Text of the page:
The leaves are falling, the wind’s chilling, and teenagers on Facebook are screaming about Halloween. That only means one thing – summer’s over for good, and fall is officially in the air. But before we say good-bye to beaches, fireworks, and everything in between, it’s nice to take the time to look back on everything the past season brought us, and obviously the most important thing to reflect on is all the anime that came out.
What, you expected something different? Let’s dive in to what anime made the most waves this summer!
The latest entry in the prolific Macross franchise wrapped up recently, marking an end to one of the best anime to come along in ages. While not technically available to stream legally in North America, the Japanese Blu-Rays have immaculate English subtitles, meaning you can check it out while supporting the creators, which is something you should do, as Macross Delta is an incredible show.
In twenty-six episodes, Shoji Kawamori et al remind us what good mech anime is. Not only that, but he takes one of the most divisive anime trends in recent years (idol groups) and spins them into something compelling, original, and anything but ordinary. The resulting show is halfway between magical girl frilliness and hot-blooded mech fights. It also threw in some topical political commentary and upended a whole bunch of Macross series traditions in interesting ways.
Macross Delta isn’t just one of the best shows of the season, or the year. It’s easily one of the best shows I’ve seen come along this decade, and the airwaves feel a little colder without it already.
Mob Psycho 100
What could’ve been a retread of One Punch Man, or a generic riff on an already-done premise is one of the more bombastic series this season. Mob Psycho 100, as I predicted from the early episodes, ended up being a very special sort of show.
Fans of madcap comedy get an onslaught of absurdist visual gags. Shonen fans get some of the most astoundingly animated fights since, well, One Punch Man. But beyond action and comedy, what ultimately makes Mob Psycho 100 excel is its characterization. It depicted very real teenage fears of not fitting in, or having to hide part of who you really are, but does so in such an amplified, crazy way that it never feels cloying or trite.
This emotional tangibility coupled with bombastic action and a joke-a-second comedy makes Mob Psycho 100 something a cut above typical shonen shows. Those looking for a little bit of everything could do a whole lot worse.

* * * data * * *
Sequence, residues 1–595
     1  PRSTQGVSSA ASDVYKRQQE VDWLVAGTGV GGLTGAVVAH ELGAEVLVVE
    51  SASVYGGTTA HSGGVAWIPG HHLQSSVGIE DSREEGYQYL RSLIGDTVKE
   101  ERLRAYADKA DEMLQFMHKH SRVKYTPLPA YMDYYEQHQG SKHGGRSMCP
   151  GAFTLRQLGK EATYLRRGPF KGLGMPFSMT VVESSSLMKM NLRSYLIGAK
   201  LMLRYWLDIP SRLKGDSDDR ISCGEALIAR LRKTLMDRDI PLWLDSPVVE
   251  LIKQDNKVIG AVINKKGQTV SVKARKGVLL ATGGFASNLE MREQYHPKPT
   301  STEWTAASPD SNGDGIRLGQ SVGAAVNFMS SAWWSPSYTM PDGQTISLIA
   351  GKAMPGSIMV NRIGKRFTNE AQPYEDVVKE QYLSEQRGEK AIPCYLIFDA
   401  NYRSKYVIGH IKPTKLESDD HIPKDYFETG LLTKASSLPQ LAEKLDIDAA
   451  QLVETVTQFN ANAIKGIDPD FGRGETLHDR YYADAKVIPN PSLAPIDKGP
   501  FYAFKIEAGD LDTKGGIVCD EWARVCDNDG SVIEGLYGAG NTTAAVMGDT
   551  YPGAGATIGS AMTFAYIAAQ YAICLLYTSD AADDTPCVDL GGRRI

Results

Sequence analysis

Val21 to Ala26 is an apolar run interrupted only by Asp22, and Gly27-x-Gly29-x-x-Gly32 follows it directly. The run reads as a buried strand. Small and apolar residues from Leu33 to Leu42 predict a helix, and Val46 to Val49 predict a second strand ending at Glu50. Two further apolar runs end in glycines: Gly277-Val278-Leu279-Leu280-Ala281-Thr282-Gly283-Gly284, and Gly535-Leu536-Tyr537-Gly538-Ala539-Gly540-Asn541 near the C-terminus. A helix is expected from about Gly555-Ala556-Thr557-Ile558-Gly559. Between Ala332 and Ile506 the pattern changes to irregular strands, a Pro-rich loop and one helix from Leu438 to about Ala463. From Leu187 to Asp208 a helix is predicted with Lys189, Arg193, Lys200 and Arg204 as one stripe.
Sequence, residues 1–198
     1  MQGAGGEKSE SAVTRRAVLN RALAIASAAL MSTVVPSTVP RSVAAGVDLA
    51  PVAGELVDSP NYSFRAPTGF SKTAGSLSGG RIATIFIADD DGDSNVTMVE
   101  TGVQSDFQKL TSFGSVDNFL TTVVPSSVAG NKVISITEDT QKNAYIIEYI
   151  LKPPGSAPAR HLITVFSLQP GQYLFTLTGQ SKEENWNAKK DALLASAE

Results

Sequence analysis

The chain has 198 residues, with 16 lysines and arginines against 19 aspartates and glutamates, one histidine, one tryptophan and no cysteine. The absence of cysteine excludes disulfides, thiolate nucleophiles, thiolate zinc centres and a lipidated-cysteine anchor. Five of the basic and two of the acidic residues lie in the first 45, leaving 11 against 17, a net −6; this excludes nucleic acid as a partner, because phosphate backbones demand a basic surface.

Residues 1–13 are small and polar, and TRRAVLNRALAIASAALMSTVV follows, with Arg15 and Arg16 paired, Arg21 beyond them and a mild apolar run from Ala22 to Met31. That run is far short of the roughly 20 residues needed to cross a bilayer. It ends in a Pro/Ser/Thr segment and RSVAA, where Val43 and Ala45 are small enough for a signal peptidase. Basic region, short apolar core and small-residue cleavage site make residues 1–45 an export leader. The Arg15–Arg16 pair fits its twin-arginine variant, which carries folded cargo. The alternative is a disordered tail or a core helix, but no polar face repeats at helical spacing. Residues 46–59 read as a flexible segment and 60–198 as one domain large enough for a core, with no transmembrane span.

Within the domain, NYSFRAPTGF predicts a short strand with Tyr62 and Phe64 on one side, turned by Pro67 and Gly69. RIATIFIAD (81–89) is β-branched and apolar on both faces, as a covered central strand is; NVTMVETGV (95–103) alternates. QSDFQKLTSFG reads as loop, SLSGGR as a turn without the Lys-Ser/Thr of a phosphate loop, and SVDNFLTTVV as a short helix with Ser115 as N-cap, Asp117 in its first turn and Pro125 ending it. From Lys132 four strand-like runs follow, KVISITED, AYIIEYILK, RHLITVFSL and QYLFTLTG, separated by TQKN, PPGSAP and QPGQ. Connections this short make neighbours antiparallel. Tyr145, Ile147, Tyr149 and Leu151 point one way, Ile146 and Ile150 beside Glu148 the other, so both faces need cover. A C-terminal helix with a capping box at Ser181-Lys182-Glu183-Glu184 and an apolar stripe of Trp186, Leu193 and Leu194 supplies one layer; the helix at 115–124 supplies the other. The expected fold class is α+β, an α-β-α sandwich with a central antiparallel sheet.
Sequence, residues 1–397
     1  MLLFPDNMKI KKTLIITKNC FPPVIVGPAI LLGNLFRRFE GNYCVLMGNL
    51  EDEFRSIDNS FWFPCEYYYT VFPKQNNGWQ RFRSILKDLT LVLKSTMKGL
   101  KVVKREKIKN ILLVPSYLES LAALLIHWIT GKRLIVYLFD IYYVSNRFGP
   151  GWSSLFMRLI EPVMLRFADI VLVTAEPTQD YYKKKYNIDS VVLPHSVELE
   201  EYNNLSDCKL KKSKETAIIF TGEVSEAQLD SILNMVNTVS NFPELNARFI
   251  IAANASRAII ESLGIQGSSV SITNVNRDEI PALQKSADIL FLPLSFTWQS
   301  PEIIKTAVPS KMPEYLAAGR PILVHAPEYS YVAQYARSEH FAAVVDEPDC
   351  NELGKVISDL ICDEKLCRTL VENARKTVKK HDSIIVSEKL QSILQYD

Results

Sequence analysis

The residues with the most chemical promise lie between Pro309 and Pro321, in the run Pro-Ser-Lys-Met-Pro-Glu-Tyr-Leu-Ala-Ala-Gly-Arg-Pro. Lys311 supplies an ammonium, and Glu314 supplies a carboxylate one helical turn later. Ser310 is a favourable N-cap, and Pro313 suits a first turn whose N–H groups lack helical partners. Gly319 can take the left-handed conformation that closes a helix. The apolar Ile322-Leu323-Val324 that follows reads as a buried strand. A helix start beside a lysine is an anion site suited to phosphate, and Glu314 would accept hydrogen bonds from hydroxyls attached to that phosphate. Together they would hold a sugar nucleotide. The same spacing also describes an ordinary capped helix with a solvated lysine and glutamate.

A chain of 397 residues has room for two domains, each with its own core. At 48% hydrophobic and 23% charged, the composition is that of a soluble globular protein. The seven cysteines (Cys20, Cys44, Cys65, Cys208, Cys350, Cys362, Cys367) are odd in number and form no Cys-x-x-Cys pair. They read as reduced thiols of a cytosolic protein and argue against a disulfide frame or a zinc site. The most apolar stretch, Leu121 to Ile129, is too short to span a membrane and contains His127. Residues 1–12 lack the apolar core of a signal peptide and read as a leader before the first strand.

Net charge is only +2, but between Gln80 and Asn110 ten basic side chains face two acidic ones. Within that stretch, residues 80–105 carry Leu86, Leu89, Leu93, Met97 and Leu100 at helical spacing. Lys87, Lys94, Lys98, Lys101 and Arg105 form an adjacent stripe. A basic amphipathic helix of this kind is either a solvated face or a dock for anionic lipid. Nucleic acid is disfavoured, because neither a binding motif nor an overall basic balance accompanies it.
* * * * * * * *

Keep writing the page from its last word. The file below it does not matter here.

Some might consider this a bit of cheat, as JoJo hasn’t actually finished airing yet. But if you weren’t watching this show over the summer, you were missing out on something spectacular. Even as a fan of David Productions’ past adaptations, I feel they came into their own with Diamond Is Unbreakable.
Everything about this show has just worked since day one. It’s a faithful, fast-paced adaptation of my favorite part of the manga. The production itself is top-notch, with even lower-budget episodes having fantastic shot composition and color theory at work. Plus, the arcs that aired over the summer (featuring the introduction of the real antagonist, Yoshikage Kira) were easily some of the most exciting so far, along with some of the best standalone episodes.
As Diamond Is Unbreakable goes into its final cour of episodes, I’ll fondly remember the last three months as some of the show’s best. So far, it’s been a funny, tense, exciting series that practically anyone can like, regardless of familiarity with past parts.
Sweetness and Lightning
Ultimately, Sweetness and Lightning wound up being a harmless, sweet confection of an anime. You know what? I don’t see anything wrong with that.
This slice-of-life series is one of the best examples of the genre in recent memory. That’s because it never feel like cloying Moe, or pandering Ecchi. It was exactly what it said on the tin – a sweet story about a father getting closer to his daughter through cooking. There was nothing weird or creepy about any of it, with Tsumugi (the daughter in question) behaving like a real child instead of a lolicon stereotype. Just like Yotsuba&! before it, Sweetness and Lightning was a series that approaches parenting from a realistic angle, and not as a set-up for underage panty shots.
With a winning art direction and endearing cast, Sweetness and Lightning became a new personal favorite of mine, overtaking Listen To Me, Girls, I Am Your Father! as my favorite “single dad struggles to raise a daughter” series.
That about sums it up! Those were the four shows that managed to keep my interest over the summer. While some initial favourties unfortunately turned out being not so great, this summer was still one of the best anime seasons in a while. Any shows you liked? Things you think I snubbed? Let me know in the comments!